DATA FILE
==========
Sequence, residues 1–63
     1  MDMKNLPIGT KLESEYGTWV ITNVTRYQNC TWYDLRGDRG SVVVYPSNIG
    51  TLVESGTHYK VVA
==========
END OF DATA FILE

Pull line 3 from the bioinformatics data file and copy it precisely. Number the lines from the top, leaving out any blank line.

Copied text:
    51  TLVESGTHYK VVA